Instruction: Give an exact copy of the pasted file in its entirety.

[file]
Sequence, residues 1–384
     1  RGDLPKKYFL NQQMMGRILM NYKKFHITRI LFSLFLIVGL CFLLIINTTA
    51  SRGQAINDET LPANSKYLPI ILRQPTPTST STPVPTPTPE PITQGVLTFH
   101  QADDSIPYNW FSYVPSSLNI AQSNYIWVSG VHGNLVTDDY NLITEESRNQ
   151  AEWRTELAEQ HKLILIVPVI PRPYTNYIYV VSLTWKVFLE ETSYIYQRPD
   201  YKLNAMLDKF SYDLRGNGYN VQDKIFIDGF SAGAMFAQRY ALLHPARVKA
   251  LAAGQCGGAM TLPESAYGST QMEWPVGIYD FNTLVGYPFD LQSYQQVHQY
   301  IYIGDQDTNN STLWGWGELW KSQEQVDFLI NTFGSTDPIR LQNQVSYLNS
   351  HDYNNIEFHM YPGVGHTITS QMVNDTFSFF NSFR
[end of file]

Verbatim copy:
Sequence, residues 1–384
     1  RGDLPKKYFL NQQMMGRILM NYKKFHITRI LFSLFLIVGL CFLLIINTTA
    51  SRGQAINDET LPANSKYLPI ILRQPTPTST STPVPTPTPE PITQGVLTFH
   101  QADDSIPYNW FSYVPSSLNI AQSNYIWVSG VHGNLVTDDY NLITEESRNQ
   151  AEWRTELAEQ HKLILIVPVI PRPYTNYIYV VSLTWKVFLE ETSYIYQRPD
   201  YKLNAMLDKF SYDLRGNGYN VQDKIFIDGF SAGAMFAQRY ALLHPARVKA
   251  LAAGQCGGAM TLPESAYGST QMEWPVGIYD FNTLVGYPFD LQSYQQVHQY
   301  IYIGDQDTNN STLWGWGELW KSQEQVDFLI NTFGSTDPIR LQNQVSYLNS
   351  HDYNNIEFHM YPGVGHTITS QMVNDTFSFF NSFR